Barack Obama’s re-election campaign has had some rough moments the past few months. Mitt Romney has had a single-minded focus on the state of the economy and Obama’s poor performance in that area. Job growth has stalled and unemployment numbers remain high. Yet President Obama, in a news conference, seemed to be arguing that all is well in the private sector, though total jobs in the private sector remain more than 4 million below the level before the subprime financial collapse.
In Wisconsin, voters decisively backed Governor Scott Walker in the recall election, dealing a blow to public sector unions. And yet in the same speech in which the president said all is well in the private sector, he called for more spending to pay for more jobs (and benefits and pensions) in the public sector.
Not surprisingly, the president, as he has on several other occasions in the past year, decided to change the subject. With polls showing a close race nationally and tight races in many of the battleground states, the president announced last week a change in the administration’s policy regarding the legal status of illegals under age 30 who had been brought to the U.S as children. Much as with Obama’s new views on gay marriage and the introduction of the new contraception mandate, the policy shift was, of course, a shameless pander to an important Democrat-leaning group and was universally recognized as such.
However, the political risks of Obama’s action seem smaller than with either of the prior-announced policy reversals. The president’s endorsement of gay marriage solidified his support in the gay community and among young voters, but also may have damaged his chances in some of the more socially conservative swing states, such as North Carolina and Ohio. The contraception mandate was well-received among single women, but may have cost the president the support of some independent Catholic voters — an important constituency in New Hampshire and several of the Midwest battleground states.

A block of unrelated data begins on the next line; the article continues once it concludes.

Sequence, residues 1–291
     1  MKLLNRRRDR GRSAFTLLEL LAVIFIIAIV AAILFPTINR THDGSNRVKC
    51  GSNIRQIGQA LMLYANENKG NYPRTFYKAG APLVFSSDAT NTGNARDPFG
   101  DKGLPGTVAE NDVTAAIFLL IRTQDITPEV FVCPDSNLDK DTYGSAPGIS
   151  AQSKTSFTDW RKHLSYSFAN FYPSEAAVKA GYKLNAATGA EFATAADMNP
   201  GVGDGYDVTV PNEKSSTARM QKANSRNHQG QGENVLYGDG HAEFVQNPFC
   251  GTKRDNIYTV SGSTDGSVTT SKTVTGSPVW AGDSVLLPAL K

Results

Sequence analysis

The policy shift on how the Department of Homeland Security will enforce current law, including allowing this one group of individuals to remain in the country unchallenged and apply for two-year work permits, was, not surprisingly, viewed as lawlessness by some critics, including Charles Krauthammer. ”This is not discretion,” he said. “Discretion is when you treat it on a one-by-one basis on the grounds of extenuating circumstances. This is the declaration of a whole new set of criteria, which is essentially resurrecting the legislation that the Congress has said no to.”
The president, a constitutional lawyer, believed that creating a special class of people entitled to particular rights was something only Congress could do. At the same time, however, if prosecutors could agree on how to exercise their judgment on a case-by-case basis, without any guarantees, that would be permissible as part of their discretionary power, according to a senior administration official familiar with the decision.
Estimates of the number of people impacted by the policy shift have ranged from the administration’s number of 800,000 to Pew’s estimate of 1.4 million. In any case, the policy change will likely play very well with Hispanic voters, the one voter group where Obama’s current lead over Mitt Romney has remained as strong as his 2008 victory over John McCain.
In 2008, the exit polls suggested that Obama won just over 2/3 of the Hispanic vote, a winning margin of approximately 35%, about three times as large as John Kerry’s margin over George Bush in 2004 among Hispanic voters. This huge margin among Hispanics padded Obama’s margin in Southwestern states that shifted to the Democrats, such as Colorado, New Mexico and Nevada. Obama won Florida’s Hispanic voters (heavily Cuban) by a smaller margin (less than 3 to 2), but the change from 2004, when Bush carried Hispanics in Florida, may have been enough to move the state to the Democrats.